If you’re tuned in to the social tech arena of the internet, you’ve no doubt heard Mark Cuban’s outcry of how Facebook is driving away brands and his follow up post about what he really thinks about Facebook. It has been quite the buzz around the internet for the past week, so much so that Facebook’s News Feed Product Manager, Will Cathcart, even came out with the following statement to defend the algorithm changes:
“The problem we face with the news feed is that people come to Facebook everyday, but people don’t have enough time to check out absolutely everything that’s going on.” he told reporters.
To set the record straight, the four factors that determine whether a Page will appear in your (a fan’s) feed are:
- If you interacted with posts before, (i.e., if you like every post from a Page you’re more likely to see them in future).
- Other people’s reaction to the post, (i.e., if other people complain or hide a post you’re not likely to get them either).
- How you responded to posts of that type previously, (i.e., if you like photos or videos from a Page previously then you’re more likely to get future photos or videos).
- If that specific post has received complaints by other users who have seen it, or the Page who posted it has received lots of complaints in the past, you’ll be less likely to see that post.
All our research confirms what Mark is lamenting about, in that recent Facebook changes are adversely affecting the benefits of prior business pages.
There is a significant risk involved to rely too heavily on the whims of another marketing medium; especially one that itself is under pressured to increase its revenue stream. That provider can shut or severely cripple previous access, filter out content, and yes, start charging you big bucks while only providing partial benefits. The web is replete with examples of this from real estate blogs like Active Rain, to Twitter API access and SaaS-oriented web technologies.
If you are a business caught in a similar dilemma of increased costs and lowered fan reach, follow these simple steps to get your Facebook fans into your own system:
- First, create a landing page outside of Facebook. On that landing page write a short description requesting your fans to “opt in” to receive your free newsletter. Inform them that Facebook no longer shows them most status updates, many of which that will have direct benefit to them in terms of deals, promotions and current news. Make your opt-in form as simple as possible, preferably with just a single field for email address. You can create a good landing page easily using Advantly.com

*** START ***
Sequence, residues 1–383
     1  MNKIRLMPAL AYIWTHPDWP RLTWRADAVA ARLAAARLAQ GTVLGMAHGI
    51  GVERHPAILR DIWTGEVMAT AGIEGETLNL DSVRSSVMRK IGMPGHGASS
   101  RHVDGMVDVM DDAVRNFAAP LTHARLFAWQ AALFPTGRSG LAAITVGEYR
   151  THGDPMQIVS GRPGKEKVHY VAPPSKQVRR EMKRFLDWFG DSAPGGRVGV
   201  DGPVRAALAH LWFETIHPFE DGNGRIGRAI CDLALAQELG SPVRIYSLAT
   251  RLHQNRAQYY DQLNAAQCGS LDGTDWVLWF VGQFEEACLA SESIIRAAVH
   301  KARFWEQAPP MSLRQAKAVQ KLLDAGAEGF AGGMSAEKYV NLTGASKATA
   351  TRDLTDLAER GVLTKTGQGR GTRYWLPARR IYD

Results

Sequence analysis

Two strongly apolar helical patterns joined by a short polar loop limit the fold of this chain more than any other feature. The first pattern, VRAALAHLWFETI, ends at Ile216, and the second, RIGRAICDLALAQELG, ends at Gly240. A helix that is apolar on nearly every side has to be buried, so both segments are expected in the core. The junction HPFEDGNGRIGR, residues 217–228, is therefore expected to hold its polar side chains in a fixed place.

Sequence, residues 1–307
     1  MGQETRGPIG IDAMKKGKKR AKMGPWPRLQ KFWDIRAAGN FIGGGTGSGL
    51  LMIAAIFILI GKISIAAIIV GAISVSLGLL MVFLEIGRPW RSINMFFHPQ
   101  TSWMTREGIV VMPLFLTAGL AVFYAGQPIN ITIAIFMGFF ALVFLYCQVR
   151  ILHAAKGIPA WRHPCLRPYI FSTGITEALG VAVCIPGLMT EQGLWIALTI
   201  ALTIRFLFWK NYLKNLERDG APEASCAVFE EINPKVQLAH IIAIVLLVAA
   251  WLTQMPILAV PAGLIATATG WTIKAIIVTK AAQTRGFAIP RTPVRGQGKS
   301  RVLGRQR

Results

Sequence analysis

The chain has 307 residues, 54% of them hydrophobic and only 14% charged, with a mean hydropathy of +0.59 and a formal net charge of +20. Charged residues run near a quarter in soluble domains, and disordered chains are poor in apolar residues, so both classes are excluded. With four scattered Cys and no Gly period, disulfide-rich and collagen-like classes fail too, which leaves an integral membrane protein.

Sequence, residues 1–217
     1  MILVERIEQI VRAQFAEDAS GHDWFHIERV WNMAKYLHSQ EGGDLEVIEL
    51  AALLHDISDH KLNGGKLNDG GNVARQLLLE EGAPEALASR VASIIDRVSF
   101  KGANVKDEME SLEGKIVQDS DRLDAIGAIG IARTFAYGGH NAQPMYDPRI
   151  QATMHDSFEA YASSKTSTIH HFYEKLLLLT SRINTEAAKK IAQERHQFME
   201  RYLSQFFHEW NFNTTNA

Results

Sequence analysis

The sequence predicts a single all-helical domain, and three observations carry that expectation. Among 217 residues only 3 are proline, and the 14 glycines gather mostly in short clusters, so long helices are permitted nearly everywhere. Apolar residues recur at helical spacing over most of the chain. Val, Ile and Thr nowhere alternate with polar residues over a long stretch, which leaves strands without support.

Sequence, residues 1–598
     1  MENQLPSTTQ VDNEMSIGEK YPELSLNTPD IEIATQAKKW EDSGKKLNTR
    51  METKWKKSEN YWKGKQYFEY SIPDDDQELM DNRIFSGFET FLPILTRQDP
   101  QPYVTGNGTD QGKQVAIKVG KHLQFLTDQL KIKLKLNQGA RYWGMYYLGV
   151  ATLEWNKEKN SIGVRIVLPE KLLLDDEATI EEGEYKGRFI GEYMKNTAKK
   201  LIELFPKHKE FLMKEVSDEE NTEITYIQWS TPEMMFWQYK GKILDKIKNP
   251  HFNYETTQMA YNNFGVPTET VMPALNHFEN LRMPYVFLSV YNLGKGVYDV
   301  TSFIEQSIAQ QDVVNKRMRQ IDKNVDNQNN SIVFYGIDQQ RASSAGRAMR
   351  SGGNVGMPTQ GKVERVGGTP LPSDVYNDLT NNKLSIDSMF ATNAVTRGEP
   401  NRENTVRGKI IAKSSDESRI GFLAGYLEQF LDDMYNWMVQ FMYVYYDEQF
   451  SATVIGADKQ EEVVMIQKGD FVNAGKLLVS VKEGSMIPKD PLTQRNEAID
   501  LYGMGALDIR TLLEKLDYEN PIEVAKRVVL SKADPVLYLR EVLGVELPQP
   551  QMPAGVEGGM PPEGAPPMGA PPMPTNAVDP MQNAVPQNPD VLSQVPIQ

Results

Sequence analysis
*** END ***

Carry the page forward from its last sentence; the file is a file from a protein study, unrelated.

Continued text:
- Second, post that landing page link to your Facebook wall as a status update and then “Sponsor” it. Yes, you will need to pony up the money (In Mark’s case $3000+ to sponsor the post), but it will be worth it to migrate your fans to your own system where you have the control. To make the most of this, you should also pin the post to the top for a few days so it is the first thing that is seen.
- Third, for high volume fan base accounts, set up a dedicated server that you will use for your email newsletters. As an example, we use Rackspace servers that can handle bulk email to your opt-in list of 1 million subscribers for less than $700 per month. For smaller fan base accounts, there are commercial firms such as MailChimp that can handle mid-level volumes for as little as $75 per month. With the right-sized email server, you can hit your email list weekly if needed without having to bleed big bucks each time.
Using Mark’s large fan base following as an example, sponsoring a post through Facebook 4 times per month, you would have a $12k outlay. $700 is a much better deal. Plus, you now have the email addresses of fans, which is much more valuable than an ambiguous social network “thumbs up” in terms of marketing. You will want to setup the bulk email script, a simple newsletter interface, opt-out features, and bounce handling, but that can all be setup within a few days by someone who is experienced with email marketing and newsletter management.
- Lastly, keep posting to Facebook but make sure each post points back to a page on your website that has an easy-to-track call-to-action for opting into your own list. Or, even post a unique link used only for Facebook that first presents the visitor with an opt-in form requesting them to sign up to your newsletter (which allows them to easily bypass this if they simply want to read the article). It can also be good to periodically invest to sponsor a post, especially if you have important information to share. When doing so, just make sure you follow these call-to-action steps to capture your fans. This approach will allow you to continue to reach some of your fans on Facebook while also enabling you to continually build up your own list.
So that is our advice to you for finding a better way to get control of getting your message out.
Hit us up below if you have a large following on Facebook and want help implementing these strategies.
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